No sayin the UK Government does noubt for Scotland… but come on. We pay our taxes and pull our weight. Too right we’re counting the pennies coming in. Behave yersel.

If we’re serious about ‘levelling up’ all four nations then why do we spend as much on ‘Defence’ as we do on the whole of Scotland? Why do we give the Home Office as much as we do Wales? Why is Northern Ireland, a country with extra special single market rules with the EU, given as much as Wales with just over half the population size?

Don’t roll yer eyes and say ‘och it’s more complex than that’… bout time we hit the budget with a fresh set of eyes and called it out for what it is. Why isn’t it a simple translation? What’s stopping us from looking at it and going, ‘aye, right enough’?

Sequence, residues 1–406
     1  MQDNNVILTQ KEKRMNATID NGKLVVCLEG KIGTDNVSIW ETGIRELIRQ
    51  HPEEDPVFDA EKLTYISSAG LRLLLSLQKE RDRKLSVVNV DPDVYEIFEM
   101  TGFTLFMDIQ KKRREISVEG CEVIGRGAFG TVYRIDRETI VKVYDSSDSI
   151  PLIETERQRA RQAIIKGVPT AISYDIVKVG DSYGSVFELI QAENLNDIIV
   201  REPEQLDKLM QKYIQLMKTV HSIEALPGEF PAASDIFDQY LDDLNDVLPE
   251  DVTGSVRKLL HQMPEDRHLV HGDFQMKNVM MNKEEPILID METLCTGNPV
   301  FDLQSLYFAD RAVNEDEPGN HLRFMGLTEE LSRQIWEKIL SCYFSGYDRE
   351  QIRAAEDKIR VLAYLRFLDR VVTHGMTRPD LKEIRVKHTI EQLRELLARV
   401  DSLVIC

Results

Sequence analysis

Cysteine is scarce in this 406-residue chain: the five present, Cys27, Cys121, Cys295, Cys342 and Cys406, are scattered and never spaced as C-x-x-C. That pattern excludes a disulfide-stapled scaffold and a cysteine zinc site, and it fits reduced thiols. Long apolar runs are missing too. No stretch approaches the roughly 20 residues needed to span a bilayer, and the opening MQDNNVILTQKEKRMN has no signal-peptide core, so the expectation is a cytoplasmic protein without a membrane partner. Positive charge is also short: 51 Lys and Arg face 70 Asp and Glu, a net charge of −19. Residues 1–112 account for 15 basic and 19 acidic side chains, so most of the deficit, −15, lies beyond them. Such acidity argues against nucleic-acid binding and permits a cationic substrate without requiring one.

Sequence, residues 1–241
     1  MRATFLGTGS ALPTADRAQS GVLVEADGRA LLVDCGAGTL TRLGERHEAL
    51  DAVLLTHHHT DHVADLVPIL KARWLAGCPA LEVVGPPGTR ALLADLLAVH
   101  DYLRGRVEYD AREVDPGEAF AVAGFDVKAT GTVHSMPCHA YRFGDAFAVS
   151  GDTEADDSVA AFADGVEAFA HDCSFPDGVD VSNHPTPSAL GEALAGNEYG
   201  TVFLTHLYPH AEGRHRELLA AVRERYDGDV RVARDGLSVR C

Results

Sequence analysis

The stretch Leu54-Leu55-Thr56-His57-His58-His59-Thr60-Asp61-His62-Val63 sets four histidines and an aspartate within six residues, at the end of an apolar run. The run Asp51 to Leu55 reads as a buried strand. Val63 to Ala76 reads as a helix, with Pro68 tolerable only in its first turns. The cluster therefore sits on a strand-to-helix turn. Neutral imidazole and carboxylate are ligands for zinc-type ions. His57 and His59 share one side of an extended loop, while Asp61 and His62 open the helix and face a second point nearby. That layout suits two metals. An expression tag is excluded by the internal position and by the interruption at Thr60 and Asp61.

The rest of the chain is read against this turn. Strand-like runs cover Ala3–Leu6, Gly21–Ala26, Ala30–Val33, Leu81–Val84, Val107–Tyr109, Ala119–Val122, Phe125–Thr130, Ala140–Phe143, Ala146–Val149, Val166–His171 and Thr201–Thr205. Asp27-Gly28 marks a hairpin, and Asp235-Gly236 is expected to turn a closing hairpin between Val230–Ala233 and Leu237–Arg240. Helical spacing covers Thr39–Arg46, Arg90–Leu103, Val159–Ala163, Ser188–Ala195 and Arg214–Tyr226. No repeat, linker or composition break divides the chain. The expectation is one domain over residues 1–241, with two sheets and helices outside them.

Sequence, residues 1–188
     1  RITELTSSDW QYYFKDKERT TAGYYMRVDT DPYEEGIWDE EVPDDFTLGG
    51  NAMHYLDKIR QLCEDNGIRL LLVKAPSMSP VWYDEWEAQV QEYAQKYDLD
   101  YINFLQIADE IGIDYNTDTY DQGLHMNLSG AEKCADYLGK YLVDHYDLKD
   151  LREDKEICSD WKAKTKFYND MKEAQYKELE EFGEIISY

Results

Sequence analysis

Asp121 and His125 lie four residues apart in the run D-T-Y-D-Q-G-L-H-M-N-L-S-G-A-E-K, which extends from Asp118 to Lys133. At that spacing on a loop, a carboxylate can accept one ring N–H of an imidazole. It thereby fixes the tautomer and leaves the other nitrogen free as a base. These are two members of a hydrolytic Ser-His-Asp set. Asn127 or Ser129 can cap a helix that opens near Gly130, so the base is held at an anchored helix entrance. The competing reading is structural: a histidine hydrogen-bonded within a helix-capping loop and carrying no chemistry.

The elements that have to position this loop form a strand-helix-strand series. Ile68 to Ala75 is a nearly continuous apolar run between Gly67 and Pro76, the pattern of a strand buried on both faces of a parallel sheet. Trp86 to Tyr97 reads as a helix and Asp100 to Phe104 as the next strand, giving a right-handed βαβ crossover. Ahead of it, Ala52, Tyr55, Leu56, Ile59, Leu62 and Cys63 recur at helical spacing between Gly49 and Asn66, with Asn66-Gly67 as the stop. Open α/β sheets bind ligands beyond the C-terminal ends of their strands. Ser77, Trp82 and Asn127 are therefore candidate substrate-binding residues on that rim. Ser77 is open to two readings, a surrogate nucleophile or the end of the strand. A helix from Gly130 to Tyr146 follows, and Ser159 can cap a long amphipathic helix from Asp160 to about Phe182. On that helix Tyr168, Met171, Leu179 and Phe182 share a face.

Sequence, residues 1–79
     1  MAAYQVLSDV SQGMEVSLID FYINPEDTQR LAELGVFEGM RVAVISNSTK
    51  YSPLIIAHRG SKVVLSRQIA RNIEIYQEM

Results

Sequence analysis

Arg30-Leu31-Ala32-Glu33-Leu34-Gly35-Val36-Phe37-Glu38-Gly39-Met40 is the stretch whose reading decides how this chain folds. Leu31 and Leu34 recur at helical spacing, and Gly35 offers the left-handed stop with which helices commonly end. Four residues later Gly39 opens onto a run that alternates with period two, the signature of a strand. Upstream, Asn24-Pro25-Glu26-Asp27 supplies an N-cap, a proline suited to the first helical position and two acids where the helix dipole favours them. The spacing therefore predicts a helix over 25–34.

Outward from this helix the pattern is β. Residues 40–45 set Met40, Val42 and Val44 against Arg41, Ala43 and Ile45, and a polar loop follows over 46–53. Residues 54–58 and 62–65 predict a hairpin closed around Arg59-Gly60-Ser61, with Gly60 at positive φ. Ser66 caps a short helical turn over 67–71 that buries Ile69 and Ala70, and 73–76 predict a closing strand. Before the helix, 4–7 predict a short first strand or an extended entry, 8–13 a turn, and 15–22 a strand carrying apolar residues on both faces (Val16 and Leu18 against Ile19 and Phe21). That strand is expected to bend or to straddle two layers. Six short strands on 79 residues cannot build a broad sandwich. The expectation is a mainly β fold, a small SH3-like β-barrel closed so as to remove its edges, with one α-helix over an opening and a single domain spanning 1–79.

Economics, inflation, borrowing… I’ll gee you that. These things are probably due more than a ‘how’s at then?’ to explain… but budget spending choices can be called out in a fairly straightforward fashion:

We’re spending 41 billion on a new Dreadnought class of Vanguard-class ballistic missile submarines. 41 thousand million.

That’s a boke man.

Speaking of spending… Norway’s as a % of GDP isn’t too dissimilar to the UK’s.

A serious question we need to be asking is why they’re able to spend 4 times as much on public services as Scotland is? (Aye, honestly. 4x)

That is surely to no fault of anything other than the financial settlement we’re handed by decision-makers in the UK.

I’m no sayin money that is given to Scotland could be spent better by our Government. I’d point you towards my article goin Heinz Lentil at the cuts to budgets on mental health and drugs or the many podcast recordings where I’ve ranted about the need for greater accountability of spending.

This is a separate issue for me. Imagine the improvements to local communities, mental health facilities and education services that would be possible with 3x the budget. Even if we were to spend it recklessly.